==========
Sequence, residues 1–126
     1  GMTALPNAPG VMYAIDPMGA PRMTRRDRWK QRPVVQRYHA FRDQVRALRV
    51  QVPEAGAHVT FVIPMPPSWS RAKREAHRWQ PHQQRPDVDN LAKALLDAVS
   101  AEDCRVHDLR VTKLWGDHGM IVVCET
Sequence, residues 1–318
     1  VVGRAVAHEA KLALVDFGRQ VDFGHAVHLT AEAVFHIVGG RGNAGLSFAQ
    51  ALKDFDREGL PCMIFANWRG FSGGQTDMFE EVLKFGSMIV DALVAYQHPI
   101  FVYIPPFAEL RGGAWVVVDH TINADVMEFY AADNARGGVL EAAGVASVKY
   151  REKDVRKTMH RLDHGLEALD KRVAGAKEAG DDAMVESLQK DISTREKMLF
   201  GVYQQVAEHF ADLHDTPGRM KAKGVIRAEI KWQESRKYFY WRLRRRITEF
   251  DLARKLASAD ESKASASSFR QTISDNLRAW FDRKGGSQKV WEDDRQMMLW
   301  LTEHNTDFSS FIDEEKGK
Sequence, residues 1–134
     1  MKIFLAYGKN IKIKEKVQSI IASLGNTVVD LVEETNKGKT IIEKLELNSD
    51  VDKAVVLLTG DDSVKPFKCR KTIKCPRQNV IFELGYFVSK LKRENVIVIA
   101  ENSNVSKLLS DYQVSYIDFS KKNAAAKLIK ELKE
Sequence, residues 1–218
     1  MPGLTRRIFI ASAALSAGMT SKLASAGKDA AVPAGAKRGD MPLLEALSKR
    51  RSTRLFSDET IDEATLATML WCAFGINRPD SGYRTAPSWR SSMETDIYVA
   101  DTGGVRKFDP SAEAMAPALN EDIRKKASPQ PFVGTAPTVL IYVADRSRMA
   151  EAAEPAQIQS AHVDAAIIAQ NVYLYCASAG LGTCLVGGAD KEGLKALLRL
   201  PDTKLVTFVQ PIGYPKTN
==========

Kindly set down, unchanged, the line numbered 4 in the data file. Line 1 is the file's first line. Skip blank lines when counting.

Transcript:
   101  AEDCRVHDLR VTKLWGDHGM IVVCET